Writing 101-1 Unlock The Mind

To get started, let’s loosen up. Let’s unlock the mind. Today, take twenty minutes to free write. And don’t think about what you’ll write. Just write.

I’m taking on this challenge, having been inspired by the great Amy Juicebox. I think it technically has some sort of actual time limit, but I’m starting way later than most and don’t really care.

Why am I doing this? Well, because I feel myself entering a slightly dangerous period of my life where I could really get so bogged down by the day-to-day minutiae of surviving my current employment that it becomes my permanent employment. And we all know I can’t have that! So, bear with me as I perhaps make false starts and maybe have some posts that are a little lower-quality than I’d like. I just want to get myself back to writing, and to that motivation that looked like it was going to carry me somewhere at this time last year.

So the object of today’s post is to just keep pressing buttons for 20 minutes. Hmmm, what to talk about.

I’ve set the timer on my iPhone, actually set it for 22 minutes to give myself enough time to load Pandora and the jazz music I now have streaming.

I loaded a station by a jazz artist named Jimmy Scott who, according to an NPR reporter, died today. She states that he’s a man, but the songs I’ve heard thus far that are attributed to him have been sang by a woman. I suppose he plays an instrument or something, though. In any event, it’s nice sounding stuff.

This follows on the heels of my reading Heidi Durrow’s book The Girl Who Fell from the sky, a poignant examination of the challenges that sadly still exist when conducting relationships that involve individuals of different races. Told from the perspective of the mother, her daughter, one of her previous lovers, a bystander who happened to witness the tragedy, and a couple others; it chronicles an unfolding event that the reader isn’t able to fully conceptualize until the book ends.

The mother is from Denmark, and she is employed in Chicago as the story begins. We learn of what happened to her through her journal. Once the event happens, the daughter Rachel is sent off to Portland to live with her grandma. Here, she grows from a 8 or 9-year-old child to a high school teen.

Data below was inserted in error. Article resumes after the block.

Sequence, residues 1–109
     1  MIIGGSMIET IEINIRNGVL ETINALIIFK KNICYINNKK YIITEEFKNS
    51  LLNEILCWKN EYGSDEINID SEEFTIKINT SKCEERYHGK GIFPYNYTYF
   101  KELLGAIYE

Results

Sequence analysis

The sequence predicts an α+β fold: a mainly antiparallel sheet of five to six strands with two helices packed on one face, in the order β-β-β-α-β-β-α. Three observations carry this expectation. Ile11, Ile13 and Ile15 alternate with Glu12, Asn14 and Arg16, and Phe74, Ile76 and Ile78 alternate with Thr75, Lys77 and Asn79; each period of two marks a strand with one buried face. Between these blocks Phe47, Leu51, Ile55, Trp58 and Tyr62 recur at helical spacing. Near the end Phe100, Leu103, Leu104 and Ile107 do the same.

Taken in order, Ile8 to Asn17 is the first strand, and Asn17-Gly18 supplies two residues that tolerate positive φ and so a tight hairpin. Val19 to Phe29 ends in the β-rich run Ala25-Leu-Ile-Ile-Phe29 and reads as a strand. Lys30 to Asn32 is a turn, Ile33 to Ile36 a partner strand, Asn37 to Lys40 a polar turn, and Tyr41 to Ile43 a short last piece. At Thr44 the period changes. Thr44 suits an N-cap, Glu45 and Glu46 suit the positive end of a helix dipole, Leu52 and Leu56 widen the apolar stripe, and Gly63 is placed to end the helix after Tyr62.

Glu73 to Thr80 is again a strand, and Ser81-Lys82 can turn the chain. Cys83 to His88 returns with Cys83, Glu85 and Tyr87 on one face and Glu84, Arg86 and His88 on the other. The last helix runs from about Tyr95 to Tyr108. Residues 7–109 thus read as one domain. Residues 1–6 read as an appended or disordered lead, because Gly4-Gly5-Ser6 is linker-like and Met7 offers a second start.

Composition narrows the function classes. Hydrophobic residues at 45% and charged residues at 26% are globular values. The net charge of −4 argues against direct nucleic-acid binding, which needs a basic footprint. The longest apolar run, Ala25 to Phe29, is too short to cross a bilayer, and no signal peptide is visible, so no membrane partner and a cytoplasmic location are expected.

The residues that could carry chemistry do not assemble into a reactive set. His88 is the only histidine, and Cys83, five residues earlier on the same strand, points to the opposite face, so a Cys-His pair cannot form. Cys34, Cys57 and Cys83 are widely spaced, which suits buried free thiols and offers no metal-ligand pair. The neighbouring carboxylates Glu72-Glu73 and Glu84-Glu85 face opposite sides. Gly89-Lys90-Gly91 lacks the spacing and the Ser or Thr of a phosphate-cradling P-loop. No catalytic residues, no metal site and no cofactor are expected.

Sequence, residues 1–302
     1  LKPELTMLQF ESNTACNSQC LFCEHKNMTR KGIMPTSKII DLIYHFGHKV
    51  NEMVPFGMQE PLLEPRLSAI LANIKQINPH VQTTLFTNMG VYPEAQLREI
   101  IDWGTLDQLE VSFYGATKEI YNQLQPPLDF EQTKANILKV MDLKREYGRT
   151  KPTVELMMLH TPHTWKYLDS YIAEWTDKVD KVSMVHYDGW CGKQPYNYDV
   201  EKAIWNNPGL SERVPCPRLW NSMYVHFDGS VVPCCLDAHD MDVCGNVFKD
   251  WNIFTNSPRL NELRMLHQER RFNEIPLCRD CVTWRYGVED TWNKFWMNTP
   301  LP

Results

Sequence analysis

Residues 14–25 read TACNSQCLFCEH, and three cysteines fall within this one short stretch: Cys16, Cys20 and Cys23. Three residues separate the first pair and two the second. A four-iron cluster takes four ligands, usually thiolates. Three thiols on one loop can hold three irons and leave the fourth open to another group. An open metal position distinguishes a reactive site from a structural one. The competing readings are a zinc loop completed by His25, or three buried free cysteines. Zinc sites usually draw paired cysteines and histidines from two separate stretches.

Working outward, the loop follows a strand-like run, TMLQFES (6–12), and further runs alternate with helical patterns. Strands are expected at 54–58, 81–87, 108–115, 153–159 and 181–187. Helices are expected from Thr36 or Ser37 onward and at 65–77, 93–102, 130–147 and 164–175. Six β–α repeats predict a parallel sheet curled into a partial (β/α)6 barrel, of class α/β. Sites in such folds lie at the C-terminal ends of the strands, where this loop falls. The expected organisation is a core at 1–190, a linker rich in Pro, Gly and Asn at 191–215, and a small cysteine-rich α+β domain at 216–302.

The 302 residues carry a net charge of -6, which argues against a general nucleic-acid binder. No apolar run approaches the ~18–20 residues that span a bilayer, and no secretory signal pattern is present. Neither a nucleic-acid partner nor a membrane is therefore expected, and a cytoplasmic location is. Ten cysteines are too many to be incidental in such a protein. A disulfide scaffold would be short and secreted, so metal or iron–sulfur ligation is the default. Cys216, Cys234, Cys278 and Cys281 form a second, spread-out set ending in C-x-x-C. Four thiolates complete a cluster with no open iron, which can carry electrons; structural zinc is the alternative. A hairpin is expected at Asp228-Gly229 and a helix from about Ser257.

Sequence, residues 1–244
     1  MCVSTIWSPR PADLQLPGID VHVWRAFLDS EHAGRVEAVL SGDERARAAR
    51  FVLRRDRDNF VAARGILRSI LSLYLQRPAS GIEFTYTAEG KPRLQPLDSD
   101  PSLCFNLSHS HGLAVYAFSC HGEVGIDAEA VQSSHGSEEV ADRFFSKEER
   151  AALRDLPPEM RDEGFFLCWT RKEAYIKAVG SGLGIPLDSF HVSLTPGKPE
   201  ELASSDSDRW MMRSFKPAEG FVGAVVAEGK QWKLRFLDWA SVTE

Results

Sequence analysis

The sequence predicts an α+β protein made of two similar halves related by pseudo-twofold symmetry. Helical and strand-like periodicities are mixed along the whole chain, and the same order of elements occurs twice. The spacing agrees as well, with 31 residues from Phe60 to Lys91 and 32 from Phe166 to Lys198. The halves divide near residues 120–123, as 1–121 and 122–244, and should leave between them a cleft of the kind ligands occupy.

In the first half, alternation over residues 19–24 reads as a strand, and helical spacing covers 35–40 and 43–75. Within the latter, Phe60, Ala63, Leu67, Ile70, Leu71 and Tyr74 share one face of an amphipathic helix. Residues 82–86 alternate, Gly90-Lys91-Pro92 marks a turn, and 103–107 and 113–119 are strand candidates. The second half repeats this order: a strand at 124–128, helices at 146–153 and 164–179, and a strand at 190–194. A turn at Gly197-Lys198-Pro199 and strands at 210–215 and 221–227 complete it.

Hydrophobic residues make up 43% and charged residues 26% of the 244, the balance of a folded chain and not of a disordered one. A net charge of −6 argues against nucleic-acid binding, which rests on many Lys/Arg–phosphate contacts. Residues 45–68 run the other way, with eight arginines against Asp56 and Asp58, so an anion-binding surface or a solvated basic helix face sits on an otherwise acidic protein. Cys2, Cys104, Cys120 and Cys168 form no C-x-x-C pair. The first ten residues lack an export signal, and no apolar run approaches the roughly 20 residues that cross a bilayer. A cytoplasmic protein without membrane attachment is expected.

I love that the grandma, as well as one of Rachel’s Aunt’s lover’s daughters, speak in dialect. It helps to add character to the story.

The reason I mentioned it in connection to the music though is that Durrow has Rachel get introduced to another blues great, Etta James. This caused me to create a Pandora station of her too, which I’ve been rocking out to for the last week or so. I’d heard of her via an NPR profile when she passed, but hadn’t really checked out any of her stuff.

And yeah I know that was probably not the best book review I’ve ever written, but I’m not allowing myself to stop and pretty it up. I’d recommend grabbing a copy of the book anyhow. And, Durrow’s putting on something called the Mixed Remixed Festival in Los Angeles tomorrow. I wish I could go, as it sounds interesting.

Four minutes left! What else to say? If you stroll in from somewhere else as a result of this post, please feel free to read some of my other stuff as well. I think it’ll be more interesting. I like doing the occasional book review, as well as talking about disability-related issues, music, and of course travel. Though I don’t really get to do as much of the latter as I’d like these days.

Taking a trip to Las Vegas and the convention of the American Council of the Blind in 29 days though! I’m already bummed that I chose to stay only through that Wednesday, having to leave on an early 9:30 flight, because I will miss the presentation of the NLS narrator, usually my favorite part. But such is the way that west to east air travel works: I’ll lose so much time coming back that I couldn’t afford to depart later in the day than that.

So, nice to meet you? Say hi, drop your email in the subscribe box, and help me keep this thing going! Thanks, and have a great weekend.

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